Concluding a sermon in 1941 entitled “The Weight of Glory”, C.S. Lewis said:

“Meanwile the cross comes before the crown and tomorrow is a Monday morning. A cleft has opened in the pitiless walls of the world, and we are invited to follow our great Captain inside. The following Him is, of course, the essential point. That being so, it may be asked what practical use there is in the speculations which I have been indulging. I can think of at least one such use. It may be possible for each to think too much of his own potential glory hereafter; it is hardly possible for him to think too often or too deeply about that of his neighbour. The load, or weight, or burden of my neighbour’s glory should be laid on my back, a load so heavy that only humility can carry it, and the backs of the proud will be broken. It is a serious thing to live in a society of possible gods and goddesses, to remember that the dullest and most uninteresting person you can talk to may one day be a creature which, if you say it now, you would be strongly tempted to worship, or else a horror and a corruption such as you now meet, if at all only in a nightmare. All day long we are, in some degree, helping each other to one or other of these destinations. It is in the light of these overwhelming possibilities, it is with the awe and the circumspection proper to them, that we should conduct all our dealings with one another, all friendships, all loves, all play, all politics. There are no ordinary people. You have never talked to a mere mortal. Nations, cultures, arts, civilizations — these are mortal, and their life is to ours as the life of a gnat. But it is immortals whom we joke with, work with, marry, snub, and exploit — immortal horrors or everlasting splendours. This does not mean that we are to be perpetually solemn. We must play. But our merriment must be of that kind (and it is, in fact, the merriest kind) which exists between people who have, from the outset, taken each other seriously — no flippancy, no superiority, no presumption. And our charity must be a real and costly love, with deep feeling for the sins in spite of which we love the sinner — no mere tolerance, or indulgence which parodies love as flippancy parodies merriment. Next to the Blessed Sacrament itself, your neighbour is the holiest object presented to your senses. If he is your Christian neighbour, he is holy in almost the same way, for in him also Christ vere latitat [truly hides]- the glorifier and the glorified, Glory Himself, is truly hidden.”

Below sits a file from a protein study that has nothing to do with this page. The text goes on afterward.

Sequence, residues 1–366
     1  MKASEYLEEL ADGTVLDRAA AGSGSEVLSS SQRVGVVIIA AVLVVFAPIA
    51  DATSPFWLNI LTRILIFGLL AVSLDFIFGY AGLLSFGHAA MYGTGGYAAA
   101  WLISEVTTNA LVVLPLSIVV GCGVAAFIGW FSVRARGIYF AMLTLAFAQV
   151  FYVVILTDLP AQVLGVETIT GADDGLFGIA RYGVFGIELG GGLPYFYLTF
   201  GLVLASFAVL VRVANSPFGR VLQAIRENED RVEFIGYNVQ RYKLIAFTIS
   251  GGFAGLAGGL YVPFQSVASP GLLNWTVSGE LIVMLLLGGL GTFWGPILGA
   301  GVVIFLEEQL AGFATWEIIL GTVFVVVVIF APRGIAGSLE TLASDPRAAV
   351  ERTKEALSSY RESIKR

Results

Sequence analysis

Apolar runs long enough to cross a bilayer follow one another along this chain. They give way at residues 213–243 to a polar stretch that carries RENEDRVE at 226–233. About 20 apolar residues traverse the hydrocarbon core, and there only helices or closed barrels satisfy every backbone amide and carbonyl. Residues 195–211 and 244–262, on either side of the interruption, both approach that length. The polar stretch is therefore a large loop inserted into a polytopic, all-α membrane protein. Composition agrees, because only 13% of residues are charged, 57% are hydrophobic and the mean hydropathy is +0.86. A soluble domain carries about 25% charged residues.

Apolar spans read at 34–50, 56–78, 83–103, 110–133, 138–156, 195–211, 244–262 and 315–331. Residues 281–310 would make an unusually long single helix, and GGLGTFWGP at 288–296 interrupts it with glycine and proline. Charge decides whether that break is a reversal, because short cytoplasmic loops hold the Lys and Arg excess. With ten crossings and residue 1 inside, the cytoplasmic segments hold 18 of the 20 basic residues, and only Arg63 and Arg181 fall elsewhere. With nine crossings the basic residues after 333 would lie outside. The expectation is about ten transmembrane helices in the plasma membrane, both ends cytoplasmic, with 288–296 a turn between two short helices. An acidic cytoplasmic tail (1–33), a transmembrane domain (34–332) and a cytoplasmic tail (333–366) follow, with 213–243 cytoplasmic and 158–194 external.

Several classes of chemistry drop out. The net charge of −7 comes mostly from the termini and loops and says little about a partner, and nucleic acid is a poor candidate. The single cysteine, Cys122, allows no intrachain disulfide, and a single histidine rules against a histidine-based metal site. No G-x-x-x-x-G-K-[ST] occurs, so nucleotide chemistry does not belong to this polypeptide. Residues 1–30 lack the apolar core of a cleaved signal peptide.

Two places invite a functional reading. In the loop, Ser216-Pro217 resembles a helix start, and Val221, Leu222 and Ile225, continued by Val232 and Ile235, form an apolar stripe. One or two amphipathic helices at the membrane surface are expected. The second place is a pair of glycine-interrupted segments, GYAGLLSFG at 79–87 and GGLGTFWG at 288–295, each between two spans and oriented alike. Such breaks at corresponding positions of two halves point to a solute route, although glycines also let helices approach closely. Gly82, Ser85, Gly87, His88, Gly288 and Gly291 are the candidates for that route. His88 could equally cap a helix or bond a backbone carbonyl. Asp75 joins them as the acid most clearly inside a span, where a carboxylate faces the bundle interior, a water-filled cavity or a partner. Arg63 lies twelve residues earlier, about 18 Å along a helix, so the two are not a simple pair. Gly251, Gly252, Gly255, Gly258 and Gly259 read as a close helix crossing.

From The Weight of Glory: And Other Addresses, C.S. Lewis.

The Message of Scripture